While reading the short text that accompanies your photos, i was particularly moved by the mention that one of the reasons why Harbour porpoises are endangered is disturbance from noise. Do you know anything about the sources of these noises? One would usually expect industrial pollution, overfishing, the presence of invasive species as reasons for the loss of a species. How bad are noise disturbances for the preservation of endangered (or non-endangered) species?

It’s still a topic that urgently needs further research. In the Baltic Sea the most common noise sources are traffic, construction and wind turbines. The Baltic Sea is very busy with cruise and cargo ships and other vessels which of course cause other problems beside noise too. Overall the cumulative effects of all threats are very worrying. For example, if the immune system is already compromised because of pollution, it can be more difficult for the animals to cope with any further stress.

And as far as you know, have measures been implemented to save those species since researchers have discovered the reasons for their slow disappearance?

The Saimaa ringed seal is doing a little better these days even though the population size is still small. Fishing is forbidden in the main breeding areas and some areas have been turned into conservation areas. When there’s not enough snow, volunteers help with plowing snow into piles in which the seals can nest. The harbour porpoise is in some ways a more difficult case. Things have been done but further action and collaboration from the Baltic nations are definitely needed.

Paula Humberg, Side Catch Collection I, 2015

Paula Humberg, Side Catch Collection II, 2015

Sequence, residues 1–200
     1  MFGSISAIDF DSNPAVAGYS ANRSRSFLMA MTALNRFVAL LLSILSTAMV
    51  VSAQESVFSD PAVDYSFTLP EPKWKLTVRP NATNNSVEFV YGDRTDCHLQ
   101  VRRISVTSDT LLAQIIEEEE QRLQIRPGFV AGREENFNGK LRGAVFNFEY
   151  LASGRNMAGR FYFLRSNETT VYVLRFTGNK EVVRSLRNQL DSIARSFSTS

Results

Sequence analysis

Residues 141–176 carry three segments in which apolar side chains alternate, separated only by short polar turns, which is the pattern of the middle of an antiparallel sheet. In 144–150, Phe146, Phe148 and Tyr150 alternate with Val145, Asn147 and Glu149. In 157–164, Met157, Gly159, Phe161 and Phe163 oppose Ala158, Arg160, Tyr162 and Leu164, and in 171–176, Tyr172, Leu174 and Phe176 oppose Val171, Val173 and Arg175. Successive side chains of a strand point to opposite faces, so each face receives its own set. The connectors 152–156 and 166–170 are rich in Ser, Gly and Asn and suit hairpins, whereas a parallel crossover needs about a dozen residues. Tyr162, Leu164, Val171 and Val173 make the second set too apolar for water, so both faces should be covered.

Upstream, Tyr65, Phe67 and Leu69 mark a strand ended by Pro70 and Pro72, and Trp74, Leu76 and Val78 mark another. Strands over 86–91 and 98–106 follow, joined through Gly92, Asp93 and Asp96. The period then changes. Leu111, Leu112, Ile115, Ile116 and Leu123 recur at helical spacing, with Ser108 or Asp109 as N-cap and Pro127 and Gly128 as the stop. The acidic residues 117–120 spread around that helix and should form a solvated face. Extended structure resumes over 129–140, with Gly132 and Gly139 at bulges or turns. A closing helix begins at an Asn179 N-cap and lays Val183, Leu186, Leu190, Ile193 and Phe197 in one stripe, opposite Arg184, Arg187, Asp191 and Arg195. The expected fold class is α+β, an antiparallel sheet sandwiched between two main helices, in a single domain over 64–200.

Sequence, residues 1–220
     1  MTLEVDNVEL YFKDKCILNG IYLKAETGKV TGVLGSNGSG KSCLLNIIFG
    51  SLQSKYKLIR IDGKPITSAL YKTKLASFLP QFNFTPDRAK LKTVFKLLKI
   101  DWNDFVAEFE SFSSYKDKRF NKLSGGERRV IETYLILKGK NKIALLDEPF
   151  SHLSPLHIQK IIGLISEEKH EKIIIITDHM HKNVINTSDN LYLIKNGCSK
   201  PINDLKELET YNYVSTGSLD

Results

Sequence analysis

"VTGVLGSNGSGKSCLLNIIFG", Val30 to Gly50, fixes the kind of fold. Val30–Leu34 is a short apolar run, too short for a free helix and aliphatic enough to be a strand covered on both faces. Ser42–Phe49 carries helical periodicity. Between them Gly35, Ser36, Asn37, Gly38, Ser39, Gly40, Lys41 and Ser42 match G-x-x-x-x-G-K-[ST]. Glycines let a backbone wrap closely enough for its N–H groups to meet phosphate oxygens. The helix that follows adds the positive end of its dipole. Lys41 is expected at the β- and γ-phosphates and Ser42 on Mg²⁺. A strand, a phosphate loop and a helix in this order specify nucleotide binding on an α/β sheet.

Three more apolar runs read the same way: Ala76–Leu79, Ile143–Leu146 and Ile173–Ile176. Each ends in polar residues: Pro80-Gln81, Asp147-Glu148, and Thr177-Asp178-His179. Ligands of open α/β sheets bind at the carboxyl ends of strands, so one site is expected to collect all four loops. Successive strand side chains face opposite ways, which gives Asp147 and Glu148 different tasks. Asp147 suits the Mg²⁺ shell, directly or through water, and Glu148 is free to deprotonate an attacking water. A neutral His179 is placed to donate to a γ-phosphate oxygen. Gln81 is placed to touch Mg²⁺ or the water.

Paula Humberg, Side Catch, Own Collection IV, 2015

I also found Side Catch strangely moving. The way you dispose of the insect bodies into the boxes gives them a life, even seems to reflect better their living conditions. Could you comment on some of them? Why is the earthworm in Own Collection IV all alone? Why are the harvestmen in Side Catch Collection II occupying the bottom of the box, for example?

The boxes look superficially similar to a scientific entomological collection but here and there the norms of traditional presentation are broken as I wanted the specimens to have a life (or death) of their own.

The series is in a way built around a comment from a beekeeper who gave me dead honeybees. She wanted to know how I would use the insects and was worried the queen would get separated from her workers. This made me decide the queen should be surrounded by her caring workers, but there is also another box with workers that appear “more dead”. Earthworm specimens are typically preserved in liquid. I pinned mine into its own box, as a kind of tribute to the ones that get constantly smashed under shoes or car tyres.

Any other upcoming events, fields of research or projects you could share with us?

I do have a very exciting field trip and project coming up! I’m travelling to a biological station in Peru and will work there for about one month. My current plan is to make video work that has to do with biodiversity decline and moths. I’ll try to use moth abundance as a proxy for biodiversity, and the final work will visualise how biodiversity is higher in primary than in intervened rainforest. This time I’m travelling alone but the final work will be done in collaboration with a researcher who studies machine learning.

Thanks Paula!